Battling the Ebola Outbreak

Battling the Ebola Outbreak

Ebola virus, molecular model – SP4493
The World Health Organization is attempting to contain an outbreak of Ebola which is “out of control” in regions of west Africa.  The outbreak, which experts believe may have started in February in southeast Guinea, has killed 468 of its 763 infected hosts.  The virus has since spread to neighboring parts of Liberia and Sierra Leone, mostly due to the high volume of commercial and social activity across the border.  WHO has begun gathering health officials from 11 countries in the region in an attempt to better educate the public about the virus and contain the outbreak as much as possible.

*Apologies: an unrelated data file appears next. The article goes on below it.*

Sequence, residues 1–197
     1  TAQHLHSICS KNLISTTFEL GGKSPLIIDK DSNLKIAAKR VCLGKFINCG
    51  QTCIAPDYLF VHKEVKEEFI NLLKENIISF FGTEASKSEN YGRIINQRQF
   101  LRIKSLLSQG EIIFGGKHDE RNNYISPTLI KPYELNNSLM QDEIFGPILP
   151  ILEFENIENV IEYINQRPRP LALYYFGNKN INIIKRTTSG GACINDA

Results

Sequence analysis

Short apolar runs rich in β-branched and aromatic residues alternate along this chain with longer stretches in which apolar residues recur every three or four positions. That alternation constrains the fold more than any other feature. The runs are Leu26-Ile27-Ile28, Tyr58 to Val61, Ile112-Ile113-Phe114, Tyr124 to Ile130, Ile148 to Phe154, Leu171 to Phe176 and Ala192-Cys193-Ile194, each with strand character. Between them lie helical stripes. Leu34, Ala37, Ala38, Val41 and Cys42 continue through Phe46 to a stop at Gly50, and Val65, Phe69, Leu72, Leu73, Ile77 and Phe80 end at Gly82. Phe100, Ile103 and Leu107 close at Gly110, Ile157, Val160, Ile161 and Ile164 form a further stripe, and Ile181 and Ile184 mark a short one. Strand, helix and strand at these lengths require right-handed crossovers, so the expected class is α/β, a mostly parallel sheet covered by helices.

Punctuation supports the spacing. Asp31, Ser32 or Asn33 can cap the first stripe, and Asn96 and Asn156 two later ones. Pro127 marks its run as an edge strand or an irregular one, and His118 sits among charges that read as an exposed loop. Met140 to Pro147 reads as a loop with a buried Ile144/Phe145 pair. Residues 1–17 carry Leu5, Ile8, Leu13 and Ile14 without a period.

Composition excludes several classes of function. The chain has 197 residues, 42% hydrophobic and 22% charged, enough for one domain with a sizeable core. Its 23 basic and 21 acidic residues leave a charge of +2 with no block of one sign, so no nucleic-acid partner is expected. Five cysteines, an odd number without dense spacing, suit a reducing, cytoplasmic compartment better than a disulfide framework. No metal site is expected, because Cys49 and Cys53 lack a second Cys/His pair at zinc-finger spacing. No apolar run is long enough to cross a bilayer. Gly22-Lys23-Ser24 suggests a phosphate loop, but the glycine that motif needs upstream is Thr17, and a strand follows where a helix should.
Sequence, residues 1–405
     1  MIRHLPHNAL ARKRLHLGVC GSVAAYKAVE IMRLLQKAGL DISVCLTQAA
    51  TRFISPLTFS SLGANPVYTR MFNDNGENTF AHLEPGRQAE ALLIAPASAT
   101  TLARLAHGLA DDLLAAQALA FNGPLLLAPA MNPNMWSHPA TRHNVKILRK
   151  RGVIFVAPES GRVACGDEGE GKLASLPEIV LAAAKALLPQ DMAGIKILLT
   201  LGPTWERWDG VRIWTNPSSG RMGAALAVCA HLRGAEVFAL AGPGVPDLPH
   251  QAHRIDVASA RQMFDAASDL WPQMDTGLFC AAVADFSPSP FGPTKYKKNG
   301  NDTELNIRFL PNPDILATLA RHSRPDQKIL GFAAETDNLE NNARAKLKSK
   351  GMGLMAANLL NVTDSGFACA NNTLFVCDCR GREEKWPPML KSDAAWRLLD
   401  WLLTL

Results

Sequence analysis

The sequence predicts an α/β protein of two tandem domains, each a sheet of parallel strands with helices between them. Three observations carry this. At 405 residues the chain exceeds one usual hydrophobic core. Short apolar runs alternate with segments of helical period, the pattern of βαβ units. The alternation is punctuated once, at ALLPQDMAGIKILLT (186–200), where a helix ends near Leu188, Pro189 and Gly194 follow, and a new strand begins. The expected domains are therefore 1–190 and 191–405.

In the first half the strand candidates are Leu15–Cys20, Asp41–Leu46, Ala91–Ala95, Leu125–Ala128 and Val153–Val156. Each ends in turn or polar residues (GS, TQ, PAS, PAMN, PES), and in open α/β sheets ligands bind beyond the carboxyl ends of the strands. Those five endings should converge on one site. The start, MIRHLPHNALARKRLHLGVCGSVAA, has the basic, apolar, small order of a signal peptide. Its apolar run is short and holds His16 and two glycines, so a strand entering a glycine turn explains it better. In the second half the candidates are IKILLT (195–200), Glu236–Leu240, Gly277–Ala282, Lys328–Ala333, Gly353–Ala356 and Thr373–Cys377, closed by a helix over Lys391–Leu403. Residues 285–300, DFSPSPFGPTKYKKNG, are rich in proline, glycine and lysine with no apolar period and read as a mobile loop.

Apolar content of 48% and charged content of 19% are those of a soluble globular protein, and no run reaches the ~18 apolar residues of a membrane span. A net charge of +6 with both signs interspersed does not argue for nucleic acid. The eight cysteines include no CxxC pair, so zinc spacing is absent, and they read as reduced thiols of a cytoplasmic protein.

Ebola hemorrhagic fever (EHF) is a disease caused by the Ebola virus after close contact with contaminated blood or body fluids.  Patients develop a fever, sore throat, muscle pains, nausea, vomiting, diarrhea, and decreased liver and kidney function.  Eventually patients can develop severe internal bleeding, with an estimated 90% mortality rate.  There is no known cure or vaccine available to combat the virus, and the current situation in west Africa is seen as the largest outbreak in recorded history.

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